Thank you for the kind words. I'm glad you were able to correct the balance issue as well.
It is true that, in an inexpensive design process, jitter usually is not addressed properly, if at all. The performance of these devices are usually very dependent on digital cables (length and quality), as well as source transmission.
I should say that this is not limited to inexpensive devices. We recently purchased another manufacturer's D-to-A device that has recently experienced a surge in popularity. (I won't mention the name of the manufacturer nor the device, as we refrain from publicly critiquing competitors. I will note that the device cost significantly more then the DAC1). We tested the device on the Audio Precision (AP) testing station, and we were shocked to find that this device had absolutely NO jitter attenuation!! In other words, if the AP induced the slightest amount of jitter on the digital signal, it rendered itself directly as distortion within the device. Here is a picture of the result of 0.25 UI of jitter at 44.1 kHz.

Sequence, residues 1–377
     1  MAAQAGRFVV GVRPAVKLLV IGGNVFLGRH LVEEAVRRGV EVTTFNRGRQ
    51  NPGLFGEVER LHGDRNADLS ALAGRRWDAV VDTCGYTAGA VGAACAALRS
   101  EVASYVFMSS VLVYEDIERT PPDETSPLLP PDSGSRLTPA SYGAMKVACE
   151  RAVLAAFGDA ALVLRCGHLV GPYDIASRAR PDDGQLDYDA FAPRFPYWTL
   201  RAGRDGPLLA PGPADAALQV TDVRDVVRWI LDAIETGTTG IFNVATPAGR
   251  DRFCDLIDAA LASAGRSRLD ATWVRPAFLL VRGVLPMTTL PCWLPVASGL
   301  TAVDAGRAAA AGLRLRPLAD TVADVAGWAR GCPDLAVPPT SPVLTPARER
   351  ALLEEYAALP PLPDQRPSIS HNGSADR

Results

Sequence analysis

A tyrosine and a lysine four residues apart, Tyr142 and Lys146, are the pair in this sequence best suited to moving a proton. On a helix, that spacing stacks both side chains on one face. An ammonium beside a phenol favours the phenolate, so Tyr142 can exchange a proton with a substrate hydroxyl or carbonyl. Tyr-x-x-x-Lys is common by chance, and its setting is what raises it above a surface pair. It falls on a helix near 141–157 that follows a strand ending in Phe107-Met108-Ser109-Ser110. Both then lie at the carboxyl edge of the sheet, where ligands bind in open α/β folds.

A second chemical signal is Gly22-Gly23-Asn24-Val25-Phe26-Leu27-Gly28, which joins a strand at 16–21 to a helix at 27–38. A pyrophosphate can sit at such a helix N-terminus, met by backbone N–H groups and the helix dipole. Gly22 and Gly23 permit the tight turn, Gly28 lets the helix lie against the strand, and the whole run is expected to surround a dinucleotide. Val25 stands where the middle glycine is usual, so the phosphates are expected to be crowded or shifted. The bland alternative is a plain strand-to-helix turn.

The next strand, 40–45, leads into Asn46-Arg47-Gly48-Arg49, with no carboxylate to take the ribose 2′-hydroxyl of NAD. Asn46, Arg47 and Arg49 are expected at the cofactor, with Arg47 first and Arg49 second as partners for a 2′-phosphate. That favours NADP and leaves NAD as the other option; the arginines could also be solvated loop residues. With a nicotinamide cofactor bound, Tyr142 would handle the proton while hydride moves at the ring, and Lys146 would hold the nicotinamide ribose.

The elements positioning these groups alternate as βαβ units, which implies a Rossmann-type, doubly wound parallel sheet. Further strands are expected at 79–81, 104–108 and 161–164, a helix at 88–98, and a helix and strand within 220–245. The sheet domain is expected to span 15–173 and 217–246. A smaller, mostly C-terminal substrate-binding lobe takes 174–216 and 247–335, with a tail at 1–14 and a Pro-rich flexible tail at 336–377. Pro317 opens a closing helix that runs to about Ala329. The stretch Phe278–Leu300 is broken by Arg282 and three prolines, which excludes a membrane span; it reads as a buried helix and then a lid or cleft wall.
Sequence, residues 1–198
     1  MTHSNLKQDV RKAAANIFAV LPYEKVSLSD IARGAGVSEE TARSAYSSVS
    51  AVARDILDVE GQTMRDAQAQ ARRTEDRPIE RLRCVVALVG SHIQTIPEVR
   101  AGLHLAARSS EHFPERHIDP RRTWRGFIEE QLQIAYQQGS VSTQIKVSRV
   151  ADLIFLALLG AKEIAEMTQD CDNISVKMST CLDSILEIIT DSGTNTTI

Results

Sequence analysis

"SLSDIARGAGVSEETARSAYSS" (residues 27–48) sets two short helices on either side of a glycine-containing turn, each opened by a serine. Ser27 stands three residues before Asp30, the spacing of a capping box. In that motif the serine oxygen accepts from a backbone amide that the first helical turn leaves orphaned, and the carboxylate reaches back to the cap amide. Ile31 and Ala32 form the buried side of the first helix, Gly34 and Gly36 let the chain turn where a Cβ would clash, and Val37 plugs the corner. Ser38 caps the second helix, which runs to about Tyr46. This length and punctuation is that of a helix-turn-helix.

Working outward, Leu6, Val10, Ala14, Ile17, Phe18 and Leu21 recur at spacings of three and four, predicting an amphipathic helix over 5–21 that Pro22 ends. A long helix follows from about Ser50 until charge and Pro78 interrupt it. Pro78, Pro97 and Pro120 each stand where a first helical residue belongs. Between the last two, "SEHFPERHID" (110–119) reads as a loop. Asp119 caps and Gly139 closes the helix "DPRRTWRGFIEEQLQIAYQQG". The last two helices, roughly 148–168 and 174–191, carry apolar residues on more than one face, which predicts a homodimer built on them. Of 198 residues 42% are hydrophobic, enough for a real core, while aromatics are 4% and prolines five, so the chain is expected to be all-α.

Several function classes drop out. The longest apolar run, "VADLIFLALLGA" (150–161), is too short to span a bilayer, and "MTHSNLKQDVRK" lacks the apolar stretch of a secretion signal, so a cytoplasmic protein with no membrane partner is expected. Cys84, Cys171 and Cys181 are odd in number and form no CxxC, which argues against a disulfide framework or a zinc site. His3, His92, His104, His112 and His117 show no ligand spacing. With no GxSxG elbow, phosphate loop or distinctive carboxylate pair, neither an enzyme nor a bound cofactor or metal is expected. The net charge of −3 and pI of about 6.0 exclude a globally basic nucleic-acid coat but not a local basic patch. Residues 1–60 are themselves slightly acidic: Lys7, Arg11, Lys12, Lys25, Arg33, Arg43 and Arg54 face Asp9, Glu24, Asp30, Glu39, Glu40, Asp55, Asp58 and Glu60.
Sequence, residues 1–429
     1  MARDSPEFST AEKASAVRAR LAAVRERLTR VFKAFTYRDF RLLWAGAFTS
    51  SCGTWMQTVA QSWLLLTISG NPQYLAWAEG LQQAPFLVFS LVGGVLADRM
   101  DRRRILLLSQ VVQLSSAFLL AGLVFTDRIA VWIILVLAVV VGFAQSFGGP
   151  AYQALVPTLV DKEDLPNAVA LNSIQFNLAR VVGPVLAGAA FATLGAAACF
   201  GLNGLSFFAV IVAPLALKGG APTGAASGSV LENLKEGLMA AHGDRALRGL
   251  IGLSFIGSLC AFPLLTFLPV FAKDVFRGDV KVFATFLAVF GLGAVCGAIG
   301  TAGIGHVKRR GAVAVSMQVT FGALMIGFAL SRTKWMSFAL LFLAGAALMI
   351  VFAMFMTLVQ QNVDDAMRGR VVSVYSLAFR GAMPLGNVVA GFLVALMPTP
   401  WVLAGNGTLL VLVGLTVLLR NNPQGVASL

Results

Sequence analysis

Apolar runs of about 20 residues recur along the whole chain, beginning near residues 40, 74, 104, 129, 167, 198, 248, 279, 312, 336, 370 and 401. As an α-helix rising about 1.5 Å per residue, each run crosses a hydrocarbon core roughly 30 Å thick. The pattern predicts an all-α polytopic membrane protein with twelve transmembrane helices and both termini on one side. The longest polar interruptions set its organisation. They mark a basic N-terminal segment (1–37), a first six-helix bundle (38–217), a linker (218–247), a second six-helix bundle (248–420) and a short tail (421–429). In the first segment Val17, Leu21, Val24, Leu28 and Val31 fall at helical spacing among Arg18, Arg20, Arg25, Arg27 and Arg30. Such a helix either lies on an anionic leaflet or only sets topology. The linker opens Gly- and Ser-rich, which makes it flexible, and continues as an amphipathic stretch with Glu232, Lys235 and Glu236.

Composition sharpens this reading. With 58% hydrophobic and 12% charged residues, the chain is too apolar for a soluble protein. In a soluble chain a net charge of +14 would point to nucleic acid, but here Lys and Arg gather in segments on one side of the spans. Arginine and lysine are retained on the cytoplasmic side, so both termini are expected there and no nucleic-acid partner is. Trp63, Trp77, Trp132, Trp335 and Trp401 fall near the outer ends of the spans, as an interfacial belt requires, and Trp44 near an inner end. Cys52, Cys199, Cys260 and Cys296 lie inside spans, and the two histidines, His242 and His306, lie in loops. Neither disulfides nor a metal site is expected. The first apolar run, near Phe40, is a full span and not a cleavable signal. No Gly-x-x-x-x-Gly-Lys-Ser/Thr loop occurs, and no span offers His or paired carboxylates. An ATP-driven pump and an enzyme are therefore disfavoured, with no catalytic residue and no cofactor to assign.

The spike in the middle represents the audio - the only signal that was meant to be heard. The spikes all around it represent jitter artifacts at frequencies ranging from 100 Hz to 9 kHz, in steps of 300 Hz (ie, 100, 400, 700, etc.). The magnitude of the jitter is a very small 0.25 UI.